Wine & Food Pairing
- Learn wine and pairing principle
- Know the classic wine and food pairing examples
- Never mess up wine and food pairing again!
The ONE Universal Pairing Principle
Just like adding milk into coffee will change its texture and taste; food when interacting with wine will affect its flavor. Different ingredients and preparation methods will bring out different taste sensations with the same bottle of wine.
There are a lot of pairing guidelines, but only one universal pairing principle --
A good pairing is when the food and wine do not overshadow each other. Wine and food can complement or contract each other, as long as they do not mask each other’s unique flavor and characteristics.
Factors to Consider when Pairing
When pairing food, you are really complementing or contrasting four elements. The way the dish is prepared and cooked will affect these elements:
- Body/ weight: heavy, medium, or light-body?
- Flavor intensity: weak, moderate, strong?
- Aroma: earthy, fruity, grassy, or herbal?
- Taste: sweet, spicy, acidic, sour, bitter?
Example 1: Most people prefer pairing Cabernet Sauvignon with steaks because they are both full-bodied, strong flavor, and the protein in the meat will soften the tannin in the wine. A venturing wine lover may pair a red steak with a full-bodied white Rousanne.
Example 2: With spicy, strong-flavor Thai dishes, the classic gourmets would go for a Riesling. Its neutrality will complement Thai cuisine's spices. Its acidity and med bodied will match the weight of the food. A venturing wine lover may pair with Gewurztraminer or Marsanne.
Our Favorite Wine and Food Pairings
It is not always white wine with white meat... Pinot Noir, Beaujolais, Chianti are few handful reds that pair well with chicken. Below we have listed our favorite pairings as a good starting point:
Chicken – Full-bodied whites (Chardonnay, Chenin Blanc) or light reds (Beaujolais, Pinot Noir, Rioja, Chianti)
Foie Gras / Pate - Sweet whites (Sauternes, Riesling Spatlese, Tokaji)
Green Salad – Herby whites (Sauvignon Blanc, Pinot Blanc, Sancerre, Pouilly-Fume, Vinho Verde)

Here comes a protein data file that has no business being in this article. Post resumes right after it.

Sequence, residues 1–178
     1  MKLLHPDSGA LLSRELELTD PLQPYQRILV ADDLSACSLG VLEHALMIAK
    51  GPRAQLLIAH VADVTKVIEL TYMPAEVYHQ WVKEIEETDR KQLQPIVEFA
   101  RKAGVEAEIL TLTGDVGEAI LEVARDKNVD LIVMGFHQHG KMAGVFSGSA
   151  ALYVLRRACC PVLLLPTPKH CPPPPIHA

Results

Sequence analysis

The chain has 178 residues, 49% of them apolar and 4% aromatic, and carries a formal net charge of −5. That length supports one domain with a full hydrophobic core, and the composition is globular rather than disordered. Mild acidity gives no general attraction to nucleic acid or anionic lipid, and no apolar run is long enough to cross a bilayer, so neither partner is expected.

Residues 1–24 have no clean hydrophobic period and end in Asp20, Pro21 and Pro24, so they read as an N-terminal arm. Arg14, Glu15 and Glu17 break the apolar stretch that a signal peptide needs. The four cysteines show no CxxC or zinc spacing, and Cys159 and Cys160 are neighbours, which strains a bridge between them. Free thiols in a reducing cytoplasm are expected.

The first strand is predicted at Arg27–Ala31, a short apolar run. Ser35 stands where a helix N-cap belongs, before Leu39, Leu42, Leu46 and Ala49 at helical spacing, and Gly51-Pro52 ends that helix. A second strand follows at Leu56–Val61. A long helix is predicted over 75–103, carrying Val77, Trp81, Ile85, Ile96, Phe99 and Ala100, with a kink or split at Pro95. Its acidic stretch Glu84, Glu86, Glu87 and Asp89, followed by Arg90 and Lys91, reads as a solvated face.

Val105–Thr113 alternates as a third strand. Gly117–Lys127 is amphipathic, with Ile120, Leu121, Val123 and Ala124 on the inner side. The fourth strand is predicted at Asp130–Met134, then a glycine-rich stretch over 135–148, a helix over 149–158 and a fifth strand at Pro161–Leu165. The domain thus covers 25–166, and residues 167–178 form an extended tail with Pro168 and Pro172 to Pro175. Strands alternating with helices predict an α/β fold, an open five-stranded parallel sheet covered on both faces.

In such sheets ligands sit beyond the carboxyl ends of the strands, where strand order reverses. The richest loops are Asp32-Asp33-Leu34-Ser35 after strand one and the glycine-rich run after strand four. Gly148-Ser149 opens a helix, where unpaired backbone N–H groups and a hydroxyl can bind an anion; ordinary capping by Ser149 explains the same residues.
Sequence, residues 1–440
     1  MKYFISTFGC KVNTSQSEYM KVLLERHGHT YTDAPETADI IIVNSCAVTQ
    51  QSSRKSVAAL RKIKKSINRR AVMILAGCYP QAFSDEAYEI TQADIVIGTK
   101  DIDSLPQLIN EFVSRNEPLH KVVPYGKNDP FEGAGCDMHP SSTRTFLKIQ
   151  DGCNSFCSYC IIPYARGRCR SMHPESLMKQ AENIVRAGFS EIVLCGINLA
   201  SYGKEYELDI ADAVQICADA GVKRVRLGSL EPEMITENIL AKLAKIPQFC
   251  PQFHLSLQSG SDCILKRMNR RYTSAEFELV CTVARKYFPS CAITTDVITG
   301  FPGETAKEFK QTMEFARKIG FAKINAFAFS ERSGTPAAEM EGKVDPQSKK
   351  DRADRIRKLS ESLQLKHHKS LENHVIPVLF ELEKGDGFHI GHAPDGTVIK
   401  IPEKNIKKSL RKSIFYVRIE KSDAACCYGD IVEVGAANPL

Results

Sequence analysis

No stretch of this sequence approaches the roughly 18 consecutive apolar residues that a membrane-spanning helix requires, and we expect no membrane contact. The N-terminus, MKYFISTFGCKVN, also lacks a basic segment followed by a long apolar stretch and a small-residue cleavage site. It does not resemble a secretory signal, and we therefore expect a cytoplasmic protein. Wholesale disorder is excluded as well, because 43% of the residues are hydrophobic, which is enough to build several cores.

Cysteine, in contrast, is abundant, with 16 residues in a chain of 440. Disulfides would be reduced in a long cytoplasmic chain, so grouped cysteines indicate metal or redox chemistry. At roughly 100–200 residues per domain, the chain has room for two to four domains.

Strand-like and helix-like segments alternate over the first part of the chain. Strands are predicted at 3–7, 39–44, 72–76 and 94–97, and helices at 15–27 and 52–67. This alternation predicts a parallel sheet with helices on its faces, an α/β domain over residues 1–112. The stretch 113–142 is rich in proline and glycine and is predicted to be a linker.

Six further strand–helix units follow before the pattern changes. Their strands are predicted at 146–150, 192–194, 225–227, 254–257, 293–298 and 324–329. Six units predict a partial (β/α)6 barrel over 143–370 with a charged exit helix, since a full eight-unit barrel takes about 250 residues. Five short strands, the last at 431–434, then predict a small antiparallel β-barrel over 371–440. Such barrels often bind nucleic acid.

Grilled Fish – Light to medium bodied whites (Sauvignon Blanc, Vinho Verde, Chablis)
Pasta (red sauce) – acidic reds (Barbera, Chianti, Zinfandel / Primitivo, Valpolicella)
Pasta (white sauce) – fuller bodied whites (Chardonnay, Viognier, Gavi, Pinot Gris)
Pizza - Sparkling or a fruity red (Prosecco, Barbera, Dolcetto, Valpolicella)
Raw or steamed shellfish – Crisp, acidic wines (Champagne, Sauvignon Blanc, Chablis)
Steak – Full-bodied red (Cabernet, Merlot, Syrah, Malbec, Barolo)
Chinese – Riesling, Gewurztraminer, Sauvignon Blanc, and Pinot Noir
Japanese Sushi – Beaujolais, Sauvignon Blanc, Riesling
Spicy Thai / Indian Curry – Viognier, Riesling, Gewurztraminer, Rousanne
Creamy soft brie or camembert – Champagne, Pinot Noir, Chardonnay, dry Riesling
Strong goat cheese – Sancerre, Sauvignon Blanc, Pouilly-Fume
Hard / Aged cheese – Bordeaux, Cabernet Sauvignon, Brunello, Dolcetto, Merlot, white Burgundy
Semi hard cheese – Semillon, Rioja
Smoked cheese – Gewurztraminer, Sauternes, Shiraz
Blue cheese – Sauternes, Banyuls, Port, Late harvest wines, Madeira, Amarone
Last but not least, some PAIRING TIPS:
Acidic wines goes well with many dishes. Sauvignon Blanc, dry Riesling, Chianti are great examples. In addition, acidic wines make salty dishes appear less salty.
For fatty food such as foie gras, try Sauternes (an equally rich and intense wine).
For spicy food, try fruity, low-alcohol wines such as Riesling and Gewurztraminer.
Sweet food goes well with a bottle that is slightly sweeter.
Pair complex food with a simple wine. And pair simple food with a complex wine.
Proceed to Lesson 5: Preserving an Opened Bottle
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